As was implied in Republic Ins. Co. v. Chapman, supra, this court will utilize a risk-focused analysis in resolving an issue such as that presented in this case, viz., whether Mr. James' voluntary transfer of title to the subject vehicle without appellee's consent voided the coverage thereon. See Imperial Enterprises, Inc. v. Fireman's Fund Ins. Co., 535 F2d 287, 292 (5th Cir. 1976). "The object of policy provisions against alienation or change of interest or title is ordinarily to provide against changes in ownership which might supply a motive to destroy the property, or might lessen the interest of the insured in protecting and guarding it. Consequently and generally, therefore, a transfer which tends to produce such an effect will avoid the policy if by reasonable construction such a transfer is within the terms of the provision, while on the other hand, dealings with the property which are not calculated to produce such an effect do not, by reason of such provisions, avoid the policy." 44 AmJur 2d 103, Insurance, 1144.
1. The record discloses that Mr. James' voluntary transfer to his son Toby of the certificate of title to the 1980 Toyota Hilux was made without the reservation of any lien or security interest in himself. OCGA 33-24-4(b)
(formerly Code Ann. 56-2405(1)) provides: "No insurance contract on property or of any interest therein or arising therefrom shall be enforceable except for the benefit of persons having, at the time of the loss, an insurable interest in the things insured." An "insurable interest" is defined as "any actual, lawful, and substantial economic interest in the safety or preservation of the subject of the insurance free from loss, destruction, or pecuniary damage or impairment." OCGA 33-24-4
(a) (formerly Code Ann. 56-2405 (2)). Since the record discloses no such economic interest in Mr. James in the subject Toyota at the time of the accident in this case, summary judgment was properly entered in favor of appellee as to appellants' claim for reimbursement pursuant to the property damage provision of the policy. See Great American Ins. Co. v. Lipe, 116 Ga. App. 169
, 172 (2a) (156 SE2d 490
) (1967). See generally American Reliable Ins. Co. v. Woodward, 143 Ga. App. 652 (1) (239 SE2d 543) (1977)
. See also Thames v. Piedmont Life Ins. Co., 128 Ga. App. 630 (1) (197 SE2d 412) (1973)
Compare Brooker v. American Ins. Co., 65 Ga. App. 713 (16 SE2d 251) (1941).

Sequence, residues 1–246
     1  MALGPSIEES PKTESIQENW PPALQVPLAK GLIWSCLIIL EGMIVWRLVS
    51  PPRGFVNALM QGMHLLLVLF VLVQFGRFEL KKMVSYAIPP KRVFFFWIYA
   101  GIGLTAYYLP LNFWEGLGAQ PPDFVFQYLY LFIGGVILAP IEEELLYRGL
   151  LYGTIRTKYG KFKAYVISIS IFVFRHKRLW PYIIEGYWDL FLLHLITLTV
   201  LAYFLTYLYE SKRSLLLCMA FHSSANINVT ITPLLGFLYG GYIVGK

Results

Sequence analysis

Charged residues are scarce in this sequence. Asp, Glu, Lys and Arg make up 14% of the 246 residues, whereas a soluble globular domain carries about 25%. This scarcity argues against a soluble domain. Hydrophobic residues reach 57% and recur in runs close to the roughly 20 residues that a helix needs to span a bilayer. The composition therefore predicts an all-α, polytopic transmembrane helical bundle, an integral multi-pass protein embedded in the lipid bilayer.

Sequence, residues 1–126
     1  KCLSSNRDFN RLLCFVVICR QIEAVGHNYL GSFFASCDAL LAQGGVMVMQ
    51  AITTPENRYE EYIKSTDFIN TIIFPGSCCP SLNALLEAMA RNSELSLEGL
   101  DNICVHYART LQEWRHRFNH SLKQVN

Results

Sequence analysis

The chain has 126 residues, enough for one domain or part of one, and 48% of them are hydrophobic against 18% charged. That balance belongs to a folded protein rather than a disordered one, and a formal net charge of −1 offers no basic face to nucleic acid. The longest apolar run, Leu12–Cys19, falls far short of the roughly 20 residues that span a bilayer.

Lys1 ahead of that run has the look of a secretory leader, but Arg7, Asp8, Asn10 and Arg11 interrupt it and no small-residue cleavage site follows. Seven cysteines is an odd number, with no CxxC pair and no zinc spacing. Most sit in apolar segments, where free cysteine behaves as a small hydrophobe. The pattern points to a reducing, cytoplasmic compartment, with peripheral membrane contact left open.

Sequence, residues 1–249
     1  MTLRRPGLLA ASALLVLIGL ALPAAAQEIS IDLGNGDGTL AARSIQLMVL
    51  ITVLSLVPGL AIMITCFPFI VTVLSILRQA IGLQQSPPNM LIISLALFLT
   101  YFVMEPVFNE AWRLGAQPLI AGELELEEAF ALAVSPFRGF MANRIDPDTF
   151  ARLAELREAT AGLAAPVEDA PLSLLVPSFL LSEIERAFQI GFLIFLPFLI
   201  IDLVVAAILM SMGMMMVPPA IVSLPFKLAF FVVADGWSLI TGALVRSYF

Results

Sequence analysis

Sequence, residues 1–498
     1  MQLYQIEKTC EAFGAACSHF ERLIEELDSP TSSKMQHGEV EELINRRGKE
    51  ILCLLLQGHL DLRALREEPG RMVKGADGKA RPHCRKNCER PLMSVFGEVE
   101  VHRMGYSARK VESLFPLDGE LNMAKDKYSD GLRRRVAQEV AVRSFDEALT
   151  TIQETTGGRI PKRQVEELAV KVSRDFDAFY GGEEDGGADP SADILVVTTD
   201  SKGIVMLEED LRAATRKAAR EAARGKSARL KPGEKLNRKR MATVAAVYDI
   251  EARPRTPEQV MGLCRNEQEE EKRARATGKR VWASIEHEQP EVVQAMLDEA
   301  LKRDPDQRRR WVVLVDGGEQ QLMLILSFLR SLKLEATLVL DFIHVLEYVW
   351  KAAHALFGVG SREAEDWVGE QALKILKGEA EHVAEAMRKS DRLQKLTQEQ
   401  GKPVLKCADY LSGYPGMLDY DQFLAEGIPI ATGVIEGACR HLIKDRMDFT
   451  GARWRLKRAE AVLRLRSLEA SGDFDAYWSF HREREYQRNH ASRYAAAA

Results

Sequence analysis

"In the absence of a provision in an insurance policy to the contrary, a change of title to the property insured, in whole or in part, does not avoid the policy if at the time of a loss the insured has an insurable interest, but an alienation of the insured property will end the policy as to the insured if he retains no further interest in the property. This is in accordance with the rule that an insured must have an insurable interest in the property insured at the time of loss." 44 AmJur2d 99-100, Insurance, 1141. See Division 1, supra. "The insurable interest required for automobile liability insurance is to be found in the interest that the insured has in the safety of those persons who may maintain, or the freedom from damage of property which may become the basis of, suits against him in case of their injury or destruction. Potential liability from the use of a motor vehicle, sufficient to create an insurable interest, may be vicarious, and such an interest thus may arise where it is contemplated that the vehicle may be driven by a servant or agent of the insured, or where, for some other reason, the insured may be vicariously liable for injuries caused through the use of the vehicle. No legal or equitable interest in the insured vehicle as property is necessary to support an insurable interest regarding liability insurance. Hence, the right to recover does not depend upon the insured's being the holder, in fact, of either a legal or equitable title in the automobile, but upon whether he is charged at law or in equity with the liability against which the insurance is taken out." (Paragraph indicia omitted.) 7 AmJur2d 502-3, Automobile Insurance, 44; Annot., 1 ALR3d 1193, 3. See Great American Ins. Co. v. Lipe, supra at (2b). Cf. Hardeman v. Southern Home Ins. Co., 111 Ga. App. 638